Is LVS Stock A Gamble?

The shares of Las Vegas Sands (NYSE: LVS) have declined by 35% since the beginning of the year as the travel and tourism industry came to a grinding halt due to the pandemic. The current recessionary environment has affected the company’s ability to generate revenues, limit losses, and pay dividends. While the slump in travel demand is likely to persist for a couple of quarters more, the company has taken a string of measures to preserve its cash reserves by slashing capital expenditures, suspending dividends, and trimming administrative expenses. Per recent filings, Sands’ reported $7 billion of available liquidity which can support operating losses for more than a year. Thus, we believe that the stock can achieve pre-Covid levels with the advancement in vaccine trials and a gradual uptick in travel demand. We compare Las Vegas Sands’ stock performance during the current crisis with that during the 2008 recession in an interactive dashboard analysis.

Timeline of 2020 Crisis So Far:

  • 12/12/2019: Coronavirus cases first reported in China
  • 1/31/2020: WHO declares a global health emergency.
  • 2/19/2020: Signs of effective containment in China and hopes of monetary easing by major central banks helps S&P 500 reach a record high
  • 3/23/2020: S&P 500 drops 34% from the peak level seen on Feb 19, as Covid-19 cases accelerate outside China. Doesn’t help that oil prices crash in mid-March amid Saudi-led price war
  • From 3/24/2020: S&P 500 recovers 51% from the lows seen on Mar 23, as the Fed’s multi-billion dollar stimulus package suppresses near-term survival anxiety and infuses liquidity into the system.

In contrast, here’s how LVS and the broader market performed during the 2007/2008 crisis.

Timeline of 2007-08 Crisis

  • 10/1/2007: Approximate pre-crisis peak in S&P 500 index
  • 9/1/2008 – 10/1/2008: Accelerated market decline corresponding to Lehman bankruptcy filing (9/15/08)
  • 3/1/2009: Approximate bottoming out of S&P 500 index
  • 1/1/2010: Initial recovery to levels before accelerated decline (around 9/1/2008)

Las Vegas Sands vs S&P 500 Performance Over 2007-08 Financial Crisis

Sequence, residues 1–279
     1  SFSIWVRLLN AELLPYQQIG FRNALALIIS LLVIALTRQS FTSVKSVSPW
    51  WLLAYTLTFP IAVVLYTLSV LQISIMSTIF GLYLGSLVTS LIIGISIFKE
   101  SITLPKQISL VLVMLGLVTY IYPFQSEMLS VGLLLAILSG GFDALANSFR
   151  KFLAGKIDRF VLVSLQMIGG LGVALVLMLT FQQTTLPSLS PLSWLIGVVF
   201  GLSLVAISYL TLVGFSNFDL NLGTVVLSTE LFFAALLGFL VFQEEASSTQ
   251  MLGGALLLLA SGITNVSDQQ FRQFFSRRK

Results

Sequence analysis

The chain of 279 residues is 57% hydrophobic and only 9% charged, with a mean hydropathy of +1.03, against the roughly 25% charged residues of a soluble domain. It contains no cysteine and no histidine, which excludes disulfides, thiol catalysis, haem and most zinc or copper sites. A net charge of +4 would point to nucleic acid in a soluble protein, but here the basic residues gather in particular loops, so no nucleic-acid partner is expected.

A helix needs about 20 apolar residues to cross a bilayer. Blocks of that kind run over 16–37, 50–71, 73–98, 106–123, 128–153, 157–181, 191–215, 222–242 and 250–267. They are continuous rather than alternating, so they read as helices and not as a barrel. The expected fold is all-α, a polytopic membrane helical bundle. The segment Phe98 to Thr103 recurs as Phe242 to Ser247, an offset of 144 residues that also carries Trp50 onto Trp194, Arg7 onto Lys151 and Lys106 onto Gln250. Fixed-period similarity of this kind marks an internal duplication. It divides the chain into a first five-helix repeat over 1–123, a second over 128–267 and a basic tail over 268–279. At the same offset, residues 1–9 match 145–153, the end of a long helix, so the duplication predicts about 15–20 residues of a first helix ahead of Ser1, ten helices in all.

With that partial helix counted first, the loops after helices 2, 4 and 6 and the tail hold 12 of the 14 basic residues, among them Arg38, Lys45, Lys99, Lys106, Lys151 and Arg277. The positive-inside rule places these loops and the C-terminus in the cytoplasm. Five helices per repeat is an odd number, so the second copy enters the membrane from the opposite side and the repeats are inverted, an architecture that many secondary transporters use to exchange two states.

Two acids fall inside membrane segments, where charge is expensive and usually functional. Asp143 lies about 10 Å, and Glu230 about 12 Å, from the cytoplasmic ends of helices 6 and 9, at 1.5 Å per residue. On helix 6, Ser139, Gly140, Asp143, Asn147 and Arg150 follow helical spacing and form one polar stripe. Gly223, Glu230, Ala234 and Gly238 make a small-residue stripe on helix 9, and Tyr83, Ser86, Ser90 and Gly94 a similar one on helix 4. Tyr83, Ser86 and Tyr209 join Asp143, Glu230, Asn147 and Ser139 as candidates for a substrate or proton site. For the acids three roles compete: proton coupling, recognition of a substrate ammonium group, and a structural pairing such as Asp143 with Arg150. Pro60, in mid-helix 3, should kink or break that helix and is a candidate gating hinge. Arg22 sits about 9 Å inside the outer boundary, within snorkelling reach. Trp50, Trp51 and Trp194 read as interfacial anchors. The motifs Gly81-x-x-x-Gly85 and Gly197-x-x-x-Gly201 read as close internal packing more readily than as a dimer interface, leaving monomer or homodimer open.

LVS stock declined from levels of around $94 in September 2007 (pre-crisis peak) to levels of around $1.50 in March 2009 (as the markets bottomed out), implying LVS stock lost 98% from its approximate pre-crisis peak. It recovered post the 2008 crisis to levels of about $10 in early 2010 – rising by 555% between March 2009 and January 2010. In comparison, the S&P 500 Index first fell 51% in the wake of the recession before recovering 48% by January 2010.

Las Vegas Sands’ Fundamentals in Recent Years Look Strong

Las Vegas Sands’ Revenues grew by 17% from $11.7 billion in 2015 to $13.7 billion in 2019, primarily driven by strong growth in Macau. Also, the company’s margins expanded from 17% to 20%, resulting in a sizable 42% EPS growth from $2.47 in 2015 to $3.50 in 2019. However, the company’s Q2 2020 revenues were a staggering 98% below the level seen a year ago, and the EPS figure for the quarter plunged from $1.24 in Q2 2019 to $(1.07) in Q2 2020.


Phases of Covid-19 crisis:

  • Early- to mid-March 2020: Fear of the coronavirus outbreak spreading rapidly translates into reality, with the number of cases accelerating globally
  • Late-March 2020 onward: Social distancing measures + lockdowns
  • April 2020: Fed stimulus suppresses near-term survival anxiety
  • May-June 2020: Recovery of demand, with gradual lifting of lockdowns – no panic anymore despite a steady increase in the number of cases
  • July-October 2020: Poor Q2 results and lukewarm Q3 expectations, but continued improvement in demand and a decline in the number of new cases and progress with vaccine development buoy market sentiment

Going by the historical performance and in view of a quick recovery in Macau, we believe that the stock can completely recover to pre-Covid levels supported by more than 18 months of cash runway.

What if you’re looking for a more balanced portfolio instead? Here’s a high quality portfolio to beat the market, with over 100% return since 2016, versus 55% for the S&P 500. Comprised of companies with strong revenue growth, healthy profits, lots of cash, and low risk, it has outperformed the broader market year after year, consistently.

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The views and opinions expressed herein are the views and opinions of the author and do not necessarily reflect those of Nasdaq, Inc.

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